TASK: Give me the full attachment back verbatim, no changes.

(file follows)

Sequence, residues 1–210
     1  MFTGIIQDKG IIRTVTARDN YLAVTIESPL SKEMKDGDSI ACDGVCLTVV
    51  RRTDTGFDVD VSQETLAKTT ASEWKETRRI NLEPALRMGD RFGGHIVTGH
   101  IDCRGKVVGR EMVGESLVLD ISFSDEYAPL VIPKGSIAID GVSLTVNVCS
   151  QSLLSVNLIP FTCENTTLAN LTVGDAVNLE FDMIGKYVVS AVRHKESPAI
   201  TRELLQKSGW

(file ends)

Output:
Sequence, residues 1–210
     1  MFTGIIQDKG IIRTVTARDN YLAVTIESPL SKEMKDGDSI ACDGVCLTVV
    51  RRTDTGFDVD VSQETLAKTT ASEWKETRRI NLEPALRMGD RFGGHIVTGH
   101  IDCRGKVVGR EMVGESLVLD ISFSDEYAPL VIPKGSIAID GVSLTVNVCS
   151  QSLLSVNLIP FTCENTTLAN LTVGDAVNLE FDMIGKYVVS AVRHKESPAI
   201  TRELLQKSGW